of it's salvageable." She sighed, and the smile faded. "I don't
even want to think about movin' all those boxes around and sortin' through
"Red and I'll take care of that. You just
keep us all fed."
"You're a good girl, Bay, honey," Lavinia
said, moving back to the stove. "You hungry?"
"For gumbo? Always," I said, "as
long as you don't mind if I dig the peas and okra out of it first."
We shared a grin, memories of my childhood pickiness
a warm presence in the familiar kitchen.
"It won't be ready for another hour or so,"
she said. "I expect Redmond will be back with Julia and Lizzie by
I smiled at her use of Elizabeth Shelly's nickname.
At first, when the idea of the three women's sharing Presqu'isle had been
broached, the two had been leery, addressing each other formally and circling
warily. I wondered if it had been the shared danger of the hurricane that
had finally allowed them both to unbend. Lizzie and Julia had been living
in a rundown old rice plantation outside of Jacksonboro on the road to
Charleston, but Lizzie's advancing years and the exorbitant cost of Covenant
Hall's upkeep had made sharing Presqu'isle the only reasonable solution.
I knew there would be problems with two such strong-minded women inhabiting
the same domain, but recent events had proved they could work together.
Over the course of the past week they'd been gradually
moving in. My husband was carrying them and the last of their belongings
to their new home. I'm not a religious woman by any meansa backsliding
Episcopalian, truth to tellbut I sent up a silent prayer that my
half sister and her caretaker would find peace and harmony in their new
"I'm going to check upstairs. Just see how
bad it looks," I said, rising.
"You put shoes on, you hear me? No tellin'
what kind of critters might be up there."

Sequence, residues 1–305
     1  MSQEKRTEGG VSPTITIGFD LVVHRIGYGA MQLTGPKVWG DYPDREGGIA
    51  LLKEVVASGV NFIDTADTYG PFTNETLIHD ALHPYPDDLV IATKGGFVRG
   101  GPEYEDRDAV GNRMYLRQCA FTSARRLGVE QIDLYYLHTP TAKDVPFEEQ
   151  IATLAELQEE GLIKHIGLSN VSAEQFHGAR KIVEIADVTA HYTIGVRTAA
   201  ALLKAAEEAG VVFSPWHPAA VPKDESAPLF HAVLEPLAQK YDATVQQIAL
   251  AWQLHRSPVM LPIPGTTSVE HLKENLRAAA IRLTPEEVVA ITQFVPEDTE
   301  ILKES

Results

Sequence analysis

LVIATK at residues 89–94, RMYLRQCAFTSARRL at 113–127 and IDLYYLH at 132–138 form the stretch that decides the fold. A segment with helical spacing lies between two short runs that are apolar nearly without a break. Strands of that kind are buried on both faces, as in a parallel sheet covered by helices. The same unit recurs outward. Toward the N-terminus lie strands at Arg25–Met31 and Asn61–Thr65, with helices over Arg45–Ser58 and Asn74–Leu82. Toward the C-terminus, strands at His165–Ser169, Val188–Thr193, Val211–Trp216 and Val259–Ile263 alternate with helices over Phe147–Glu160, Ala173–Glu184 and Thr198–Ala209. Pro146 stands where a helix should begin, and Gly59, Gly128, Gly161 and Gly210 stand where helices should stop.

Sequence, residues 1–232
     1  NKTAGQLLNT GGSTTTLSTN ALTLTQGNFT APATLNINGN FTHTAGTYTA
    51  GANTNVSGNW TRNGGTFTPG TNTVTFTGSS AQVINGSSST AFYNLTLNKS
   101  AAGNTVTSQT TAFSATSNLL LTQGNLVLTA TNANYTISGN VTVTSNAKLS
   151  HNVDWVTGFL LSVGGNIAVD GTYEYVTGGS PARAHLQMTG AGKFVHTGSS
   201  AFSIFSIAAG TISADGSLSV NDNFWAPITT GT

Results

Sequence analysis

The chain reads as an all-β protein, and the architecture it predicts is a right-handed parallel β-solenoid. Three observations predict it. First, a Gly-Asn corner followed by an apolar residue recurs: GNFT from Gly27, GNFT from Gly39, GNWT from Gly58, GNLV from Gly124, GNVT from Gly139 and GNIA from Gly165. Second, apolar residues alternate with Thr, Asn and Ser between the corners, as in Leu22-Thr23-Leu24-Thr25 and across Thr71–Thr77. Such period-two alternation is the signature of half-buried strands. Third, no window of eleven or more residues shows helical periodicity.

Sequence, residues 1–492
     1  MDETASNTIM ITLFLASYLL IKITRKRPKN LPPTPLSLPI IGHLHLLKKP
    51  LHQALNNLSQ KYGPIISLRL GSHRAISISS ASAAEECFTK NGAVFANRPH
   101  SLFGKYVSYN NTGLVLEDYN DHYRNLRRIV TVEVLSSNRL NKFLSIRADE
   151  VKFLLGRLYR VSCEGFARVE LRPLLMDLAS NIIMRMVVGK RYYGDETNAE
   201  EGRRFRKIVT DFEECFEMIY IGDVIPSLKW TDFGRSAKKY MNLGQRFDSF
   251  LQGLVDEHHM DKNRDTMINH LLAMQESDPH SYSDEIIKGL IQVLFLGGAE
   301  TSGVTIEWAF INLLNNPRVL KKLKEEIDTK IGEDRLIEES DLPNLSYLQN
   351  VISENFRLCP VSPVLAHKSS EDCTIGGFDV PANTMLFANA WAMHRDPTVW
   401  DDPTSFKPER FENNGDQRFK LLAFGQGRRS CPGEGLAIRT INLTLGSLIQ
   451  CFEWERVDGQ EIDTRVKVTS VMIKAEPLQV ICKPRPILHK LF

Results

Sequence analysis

"Yes, ma'am," I said, heading toward
the hallway. "I've got a pair of old sneakers in my room."
Julia's room, I corrected myself as I climbed
to the second floor and retrieved the shoes from the back of the closet.
Already the place felt alien, some of my half sister's clothes now hanging
on the metal rod, her childish pink jewelry box sitting on the tall dresser.
The sight of it made me sad. Though we were nearly of an age, Julia's
mental development had been stunted when, at the age of ten, she'd witnessed
her mother's tragic death. An unusual form of childhood post traumatic
stress disorder, or so my friend and psychologist Neddie Halloran had
diagnosed. She'd been working with Julia for several months and was optimistic
about my sister's progress. I hoped the disruption of moving to a new
home wouldn't adversely affect her treatment.
I was pleased to see that Lavinia had installed
a new duvet and bed skirt as well as fresh towels in the adjoining bath.
My late mother had been a fanatic about not changing a thing in the antebellum
mansion her ancestors had built and furnished, and Lavinia sometimes seemed
to have absorbed the same resistance into her bones.
But these were new times, with new inhabitants.
Up until a few months before, I hadn't even known of Julia's existence,